Catalan rural drama ‘Alcarràs’ wins Berlin film festival

The 72nd Berlin film festival awarded its Golden Bear top prize on Wednesday to Spanish director Carla Simón's semi-autobiographical drama "Alcarràs", about a family of peach farmers fighting for their future.

alcarras Berlin film fest
Spanish director and screenwriter Carla Simón speaks after being awarded the Golden Bear for Best Film award for the film "Alcarras" during the awards ceremony of the 72nd Berlinale Film Festival in Berlin on February 16, 2022. (Photo by Stefanie LOOS / AFP)

This year’s Berlinale was in-person for the first time in two years but held a shorter competition than usual, with strict regulations for audiences just as Covid-19 infections were peaking in Germany.

There were 18 films from 15 countries vying for the Golden Bear, with the jury led by Indian-born American director M. Night Shyamalan (“The Sixth Sense”).

Simón, 35, dedicated the prize to her family, saying that “without them and my closeness to this world I wouldn’t have been able to tell this story”.

The Berlinale is now the third major European film festival in a row to award its top prize to a woman director, following Cannes and Venice last year.

German-Turkish comedian Meltem Kaptan, 41, won the festival’s second ever gender-neutral acting prize for her performance in “Rabiye Kurnaz vs George W. Bush”.

The film by German director Andreas Dresen tells the true story of a mother’s battle to bring her son back from Guantanamo Bay.

Kaptan dedicated the award “to all the mothers whose love is stronger than borders”.

‘Sly humour’

On a big night for women, France’s Claire Denis clinched best director for “Both Sides of the Blade”, a tense love story that stars Juliette Binoche as a woman caught between two men — her longtime partner Jean and her elusive ex Francois.

The Hollywood Reporter called it a “smart, moody, superbly acted melodrama”, while Britain’s Screen Daily said Binoche and co-star Vincent Lindon, who plays Jean, were “at the top of their game”.

“The Novelist’s Film”, an understated drama from South Korean director Hong Sang-soo with a small cast of characters who reconnect by chance in the suburbs of Seoul, bagged second prize.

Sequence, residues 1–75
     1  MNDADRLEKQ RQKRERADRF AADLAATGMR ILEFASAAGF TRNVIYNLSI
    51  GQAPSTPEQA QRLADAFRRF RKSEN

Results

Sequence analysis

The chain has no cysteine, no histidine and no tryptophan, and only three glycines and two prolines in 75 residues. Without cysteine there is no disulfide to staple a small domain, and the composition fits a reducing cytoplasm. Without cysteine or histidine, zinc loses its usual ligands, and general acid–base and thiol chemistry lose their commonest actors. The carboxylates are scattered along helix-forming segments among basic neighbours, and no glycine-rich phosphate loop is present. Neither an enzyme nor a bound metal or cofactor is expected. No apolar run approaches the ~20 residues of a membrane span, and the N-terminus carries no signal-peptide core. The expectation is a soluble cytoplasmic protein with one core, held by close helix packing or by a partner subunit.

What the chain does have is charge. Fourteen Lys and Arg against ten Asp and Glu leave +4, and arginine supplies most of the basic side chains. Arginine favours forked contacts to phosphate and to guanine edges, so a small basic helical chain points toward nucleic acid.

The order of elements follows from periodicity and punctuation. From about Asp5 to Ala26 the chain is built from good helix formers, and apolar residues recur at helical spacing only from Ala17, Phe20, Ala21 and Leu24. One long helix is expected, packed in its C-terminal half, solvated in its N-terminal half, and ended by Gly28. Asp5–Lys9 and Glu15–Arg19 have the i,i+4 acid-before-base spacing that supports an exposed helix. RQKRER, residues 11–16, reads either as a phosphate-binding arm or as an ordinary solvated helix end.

Variety called it a “gently circuitous, conversation-driven charmer”, while the Hollywood Reporter praised its “sly humour and insights into the insecurities of the artistic process”.

Third prize went to “Robe of Gems”, a gritty Mexican crime drama from writer-director Natalia Lopez Gallardo that explores the trauma inflicted on families in Mexico when relatives go missing.

The award for best screenplay went to Laila Stieler for her work on “Rabiye Kurnaz vs George W. Bush”.

“Everything Will be OK”, Cambodian Rithy Panh’s exploration of a dystopian future where animals have enslaved humans and taken over the world, won a Silver Bear for artistic contribution.

And Michael Koch’s meditation on death and loss set in the Alps, “A Piece of Sky”, received a special mention.

The cast of Alcarràs on the red carpet during the 72nd Berlinale Film Festival in Berlin on February 15, 2022. (Photo by Stefanie LOOS / AFP) 

‘Vulnerable childhood’

Set in Catalonia, “Alcarràs” follows the story of the Sole clan, a large, tight-knit family who spend their summers picking peaches in their orchard in a small village.

But when they are threatened with eviction due to new plans for the land, which include cutting down the peach trees and installing solar panels, the family members start to drift apart.

Variety called it a “lovely, bittersweet agricultural drama”, praising Simón’s “warm affinity for this alternately parched and verdant landscape”.